The survey found that 94 per cent of chief executives of social enterprises believe government departments such as the Office of the Deputy Prime Minister and the Department for Work and Pensions often fail to recognise social enterprises.
And 92 per cent claimed ministers did not value the benefits of social enterprise - such as creating employment or community regeneration. Just under 90 per cent said there was not a level playing field in bidding for public sector contracts.
The Social Enterprise Coalition, whose annual conference in Manchester yesterday was addressed by Labour election chief Alan Milburn, has told the Government to "step up a gear" in its support for the sector. The coalition has issued a five-point plan that proposes tax relief for firms that deliver public benefit. It also wants social enterprises to be given a key role in the delivery of public services.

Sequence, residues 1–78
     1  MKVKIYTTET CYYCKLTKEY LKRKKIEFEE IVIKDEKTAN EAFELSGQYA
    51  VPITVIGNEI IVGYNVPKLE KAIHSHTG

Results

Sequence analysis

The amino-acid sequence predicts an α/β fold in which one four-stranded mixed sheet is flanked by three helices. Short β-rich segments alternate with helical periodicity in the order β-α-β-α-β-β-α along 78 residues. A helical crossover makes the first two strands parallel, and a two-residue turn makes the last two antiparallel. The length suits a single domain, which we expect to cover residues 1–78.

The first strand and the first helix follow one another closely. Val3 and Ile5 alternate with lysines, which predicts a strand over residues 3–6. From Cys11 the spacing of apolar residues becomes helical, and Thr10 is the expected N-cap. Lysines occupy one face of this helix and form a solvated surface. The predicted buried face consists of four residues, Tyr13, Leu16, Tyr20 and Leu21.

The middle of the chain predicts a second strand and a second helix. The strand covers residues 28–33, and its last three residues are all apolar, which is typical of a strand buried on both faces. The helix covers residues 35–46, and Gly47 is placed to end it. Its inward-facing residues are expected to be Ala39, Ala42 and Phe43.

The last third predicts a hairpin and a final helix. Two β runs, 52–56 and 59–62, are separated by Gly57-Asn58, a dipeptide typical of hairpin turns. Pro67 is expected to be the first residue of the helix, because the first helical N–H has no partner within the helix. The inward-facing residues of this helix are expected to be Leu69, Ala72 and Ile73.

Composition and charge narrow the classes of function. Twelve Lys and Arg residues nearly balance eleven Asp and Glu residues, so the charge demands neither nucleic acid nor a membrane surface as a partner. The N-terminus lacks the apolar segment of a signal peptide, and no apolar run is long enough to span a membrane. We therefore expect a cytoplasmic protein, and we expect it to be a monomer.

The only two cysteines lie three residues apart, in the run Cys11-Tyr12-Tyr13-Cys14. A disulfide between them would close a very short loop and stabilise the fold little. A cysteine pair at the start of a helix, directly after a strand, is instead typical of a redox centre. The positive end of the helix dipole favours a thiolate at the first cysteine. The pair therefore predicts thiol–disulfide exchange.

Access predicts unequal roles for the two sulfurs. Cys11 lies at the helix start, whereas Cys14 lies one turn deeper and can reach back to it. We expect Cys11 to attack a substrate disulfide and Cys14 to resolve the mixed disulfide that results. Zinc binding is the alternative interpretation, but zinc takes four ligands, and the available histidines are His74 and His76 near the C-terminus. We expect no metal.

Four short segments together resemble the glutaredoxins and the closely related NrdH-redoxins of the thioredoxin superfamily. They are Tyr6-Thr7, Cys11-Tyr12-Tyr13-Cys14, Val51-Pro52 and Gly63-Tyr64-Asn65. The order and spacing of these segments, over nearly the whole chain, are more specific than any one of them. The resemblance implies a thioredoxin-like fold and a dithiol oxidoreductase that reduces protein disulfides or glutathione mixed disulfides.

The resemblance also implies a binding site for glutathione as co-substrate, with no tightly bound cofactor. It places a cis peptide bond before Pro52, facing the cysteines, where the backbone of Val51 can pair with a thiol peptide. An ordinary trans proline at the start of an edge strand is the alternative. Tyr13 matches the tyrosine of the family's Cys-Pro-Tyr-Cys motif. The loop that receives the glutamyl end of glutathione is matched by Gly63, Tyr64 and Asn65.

The Government revealed its plans to merge the Social Enterprise Unit in the DTI with the Small Business Service earlier this month.
Coalition chief executive Jonathan Bland said: "The Government has taken significant steps forward by promoting social enterprise, such as the establishment of the DTI's Social Enterprise Unit and the creation of a new legal form - the Community Interest Company. But as our survey shows, it is time for the Government to step up a gear if the potential of social enterprise is to be realised."
- More than 90 per cent of social enterprise chief executives believe the Government doesn't recognise social enterprise or see its benefits
- More than 80 per cent of those surveyed think there isn't a level playing field when they bid for public sector contracts
- Social Enterprise Coalition wants special tax reliefs for businesses that show public benefit.